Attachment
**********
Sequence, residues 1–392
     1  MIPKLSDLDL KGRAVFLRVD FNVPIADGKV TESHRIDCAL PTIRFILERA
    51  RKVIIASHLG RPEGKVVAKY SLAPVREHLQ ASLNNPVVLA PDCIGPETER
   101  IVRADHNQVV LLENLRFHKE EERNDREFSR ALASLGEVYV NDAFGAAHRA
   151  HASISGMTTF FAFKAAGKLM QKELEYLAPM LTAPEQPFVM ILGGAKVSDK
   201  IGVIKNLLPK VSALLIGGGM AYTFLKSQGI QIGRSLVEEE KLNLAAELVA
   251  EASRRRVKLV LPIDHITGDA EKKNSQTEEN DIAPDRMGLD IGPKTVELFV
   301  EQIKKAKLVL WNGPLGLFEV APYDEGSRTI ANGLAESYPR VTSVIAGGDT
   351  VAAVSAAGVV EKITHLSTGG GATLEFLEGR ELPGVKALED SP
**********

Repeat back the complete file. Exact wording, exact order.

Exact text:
Sequence, residues 1–392
     1  MIPKLSDLDL KGRAVFLRVD FNVPIADGKV TESHRIDCAL PTIRFILERA
    51  RKVIIASHLG RPEGKVVAKY SLAPVREHLQ ASLNNPVVLA PDCIGPETER
   101  IVRADHNQVV LLENLRFHKE EERNDREFSR ALASLGEVYV NDAFGAAHRA
   151  HASISGMTTF FAFKAAGKLM QKELEYLAPM LTAPEQPFVM ILGGAKVSDK
   201  IGVIKNLLPK VSALLIGGGM AYTFLKSQGI QIGRSLVEEE KLNLAAELVA
   251  EASRRRVKLV LPIDHITGDA EKKNSQTEEN DIAPDRMGLD IGPKTVELFV
   301  EQIKKAKLVL WNGPLGLFEV APYDEGSRTI ANGLAESYPR VTSVIAGGDT
   351  VAAVSAAGVV EKITHLSTGG GATLEFLEGR ELPGVKALED SP